Definition:Real Vector Space
Let $\R$ be the set of real numbers.
Then the $\R$-module $\R^n$ is called the real ($n$-dimensional) vector space.
Also known as
A real vector space is also known as a real linear space.
The definition is also expanded upon in Real Numbers form Vector Space.
The real vector spaces have direct applications to the real world. In fact, it could be suggested that they are the interface between mathematics and physical reality, as follows:
- From the definition of the real number line, the $\R$-vector space $\R$ is isomorphic to $\R$ to an infinite straight line.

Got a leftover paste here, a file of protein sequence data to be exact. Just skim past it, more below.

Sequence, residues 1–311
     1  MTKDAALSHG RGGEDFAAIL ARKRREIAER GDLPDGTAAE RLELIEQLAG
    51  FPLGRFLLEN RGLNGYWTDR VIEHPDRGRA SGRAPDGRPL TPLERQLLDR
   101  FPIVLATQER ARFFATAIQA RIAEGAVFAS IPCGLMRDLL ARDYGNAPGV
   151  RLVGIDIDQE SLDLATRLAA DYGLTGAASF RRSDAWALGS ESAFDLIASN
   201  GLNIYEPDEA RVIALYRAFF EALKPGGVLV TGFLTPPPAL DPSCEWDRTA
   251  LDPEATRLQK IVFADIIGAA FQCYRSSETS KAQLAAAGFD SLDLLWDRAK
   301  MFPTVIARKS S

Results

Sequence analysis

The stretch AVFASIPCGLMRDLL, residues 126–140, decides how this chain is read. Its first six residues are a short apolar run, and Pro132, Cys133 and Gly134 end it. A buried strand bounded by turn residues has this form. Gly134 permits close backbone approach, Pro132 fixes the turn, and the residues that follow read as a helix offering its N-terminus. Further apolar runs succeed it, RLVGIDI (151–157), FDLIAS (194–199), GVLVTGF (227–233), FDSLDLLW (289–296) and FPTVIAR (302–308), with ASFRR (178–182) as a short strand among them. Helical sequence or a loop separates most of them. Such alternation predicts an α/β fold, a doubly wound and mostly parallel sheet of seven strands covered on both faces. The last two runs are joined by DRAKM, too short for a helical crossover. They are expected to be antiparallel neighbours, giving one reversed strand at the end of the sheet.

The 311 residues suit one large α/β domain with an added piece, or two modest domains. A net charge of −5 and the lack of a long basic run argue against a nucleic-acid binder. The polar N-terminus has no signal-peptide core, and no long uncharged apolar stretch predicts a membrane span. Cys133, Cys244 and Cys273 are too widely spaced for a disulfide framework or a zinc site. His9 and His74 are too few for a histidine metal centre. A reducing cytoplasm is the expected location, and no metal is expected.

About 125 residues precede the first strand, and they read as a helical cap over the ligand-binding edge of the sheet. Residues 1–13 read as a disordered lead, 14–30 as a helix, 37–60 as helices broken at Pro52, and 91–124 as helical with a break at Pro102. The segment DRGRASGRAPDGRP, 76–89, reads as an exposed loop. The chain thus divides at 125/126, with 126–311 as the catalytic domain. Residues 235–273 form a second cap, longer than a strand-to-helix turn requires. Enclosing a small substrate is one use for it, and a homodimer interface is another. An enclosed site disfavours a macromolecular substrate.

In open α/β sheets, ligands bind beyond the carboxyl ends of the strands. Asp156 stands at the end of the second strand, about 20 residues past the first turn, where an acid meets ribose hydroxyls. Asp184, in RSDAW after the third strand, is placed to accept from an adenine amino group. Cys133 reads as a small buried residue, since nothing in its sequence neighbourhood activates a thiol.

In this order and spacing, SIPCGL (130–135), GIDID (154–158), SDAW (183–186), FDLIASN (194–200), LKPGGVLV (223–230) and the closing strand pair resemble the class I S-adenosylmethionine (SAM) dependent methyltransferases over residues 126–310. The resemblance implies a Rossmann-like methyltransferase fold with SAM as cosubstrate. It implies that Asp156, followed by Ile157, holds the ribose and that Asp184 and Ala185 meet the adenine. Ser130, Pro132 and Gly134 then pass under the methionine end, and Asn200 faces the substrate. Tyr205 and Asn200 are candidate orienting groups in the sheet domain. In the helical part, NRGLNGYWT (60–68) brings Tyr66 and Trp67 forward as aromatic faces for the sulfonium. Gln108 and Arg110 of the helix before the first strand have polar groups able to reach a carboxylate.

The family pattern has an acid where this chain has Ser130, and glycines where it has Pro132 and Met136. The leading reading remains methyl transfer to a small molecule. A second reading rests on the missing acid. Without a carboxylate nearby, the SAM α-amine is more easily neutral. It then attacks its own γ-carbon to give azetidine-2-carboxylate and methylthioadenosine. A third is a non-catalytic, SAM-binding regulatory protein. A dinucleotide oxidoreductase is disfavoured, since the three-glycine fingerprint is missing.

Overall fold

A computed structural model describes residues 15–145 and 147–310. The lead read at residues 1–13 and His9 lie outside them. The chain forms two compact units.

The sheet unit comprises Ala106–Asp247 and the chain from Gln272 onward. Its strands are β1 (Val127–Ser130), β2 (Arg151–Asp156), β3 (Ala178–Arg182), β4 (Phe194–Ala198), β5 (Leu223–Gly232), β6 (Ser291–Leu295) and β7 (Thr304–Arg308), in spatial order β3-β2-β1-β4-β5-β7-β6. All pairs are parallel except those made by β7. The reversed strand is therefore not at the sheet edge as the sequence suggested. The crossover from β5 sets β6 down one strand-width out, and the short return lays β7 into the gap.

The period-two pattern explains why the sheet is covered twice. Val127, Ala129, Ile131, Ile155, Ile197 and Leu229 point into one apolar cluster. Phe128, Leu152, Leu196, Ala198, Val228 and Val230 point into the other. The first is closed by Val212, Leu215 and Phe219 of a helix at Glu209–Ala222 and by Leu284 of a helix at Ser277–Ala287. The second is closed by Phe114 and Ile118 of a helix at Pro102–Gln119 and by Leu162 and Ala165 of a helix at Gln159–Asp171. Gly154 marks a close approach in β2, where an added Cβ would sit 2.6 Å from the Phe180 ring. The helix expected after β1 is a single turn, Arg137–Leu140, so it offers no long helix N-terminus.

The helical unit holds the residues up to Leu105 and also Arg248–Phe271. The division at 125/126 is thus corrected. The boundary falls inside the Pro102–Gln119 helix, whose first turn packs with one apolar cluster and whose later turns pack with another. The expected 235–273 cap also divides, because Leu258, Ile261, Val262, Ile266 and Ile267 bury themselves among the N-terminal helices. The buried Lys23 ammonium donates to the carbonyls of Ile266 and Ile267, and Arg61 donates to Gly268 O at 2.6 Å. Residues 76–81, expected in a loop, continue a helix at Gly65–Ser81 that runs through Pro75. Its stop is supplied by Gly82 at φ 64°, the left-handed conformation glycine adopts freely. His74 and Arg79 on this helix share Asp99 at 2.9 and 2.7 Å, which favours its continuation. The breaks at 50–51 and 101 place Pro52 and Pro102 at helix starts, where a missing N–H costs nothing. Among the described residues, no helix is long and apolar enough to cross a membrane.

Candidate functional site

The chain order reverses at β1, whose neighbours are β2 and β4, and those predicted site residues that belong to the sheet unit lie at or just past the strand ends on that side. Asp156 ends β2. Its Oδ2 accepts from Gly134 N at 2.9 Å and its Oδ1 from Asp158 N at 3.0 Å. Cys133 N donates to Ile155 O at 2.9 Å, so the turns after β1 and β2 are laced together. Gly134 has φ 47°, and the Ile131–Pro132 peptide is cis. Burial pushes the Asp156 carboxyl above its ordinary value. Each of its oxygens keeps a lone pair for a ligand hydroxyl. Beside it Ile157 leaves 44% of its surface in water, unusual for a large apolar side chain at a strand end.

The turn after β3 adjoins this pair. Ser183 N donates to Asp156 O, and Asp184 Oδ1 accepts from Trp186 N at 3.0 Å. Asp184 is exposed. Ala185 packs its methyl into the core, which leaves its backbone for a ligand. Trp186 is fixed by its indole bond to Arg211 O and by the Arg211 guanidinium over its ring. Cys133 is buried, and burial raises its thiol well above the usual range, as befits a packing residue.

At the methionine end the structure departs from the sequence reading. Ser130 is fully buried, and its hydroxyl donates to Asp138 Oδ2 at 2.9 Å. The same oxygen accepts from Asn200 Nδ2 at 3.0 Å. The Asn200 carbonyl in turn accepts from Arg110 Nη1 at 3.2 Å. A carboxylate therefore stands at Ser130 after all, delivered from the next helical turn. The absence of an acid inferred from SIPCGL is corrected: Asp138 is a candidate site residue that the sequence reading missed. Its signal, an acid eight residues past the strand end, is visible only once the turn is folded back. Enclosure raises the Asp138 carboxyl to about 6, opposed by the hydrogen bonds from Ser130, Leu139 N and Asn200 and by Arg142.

- From the definition of the real number plane, the $\R$-vector space $\R^2$ is isomorphic to $\R$ to an infinite flat plane.
- The $\R$-vector space $\R^3$ can be shown (given appropriate assumptions about the nature of the universe) to be isomorphic to the spatial universe.
- 1955: John L. Kelley: General Topology ... (previous) ... (next): Chapter $0$: Algebraic Concepts
- 1965: Seth Warner: Modern Algebra ... (previous) ... (next): $\S 26$: Example $26.2$
- 1994: Martin J. Osborne and Ariel Rubinstein: A Course in Game Theory ... (previous) ... (next): $1.7$: Terminology and Notation
- 2008: David Joyner: Adventures in Group Theory (2nd ed.) ... (previous) ... (next): Chapter $2$: 'And you do addition?': $\S 2.1$: Functions: Definition $2.1.2$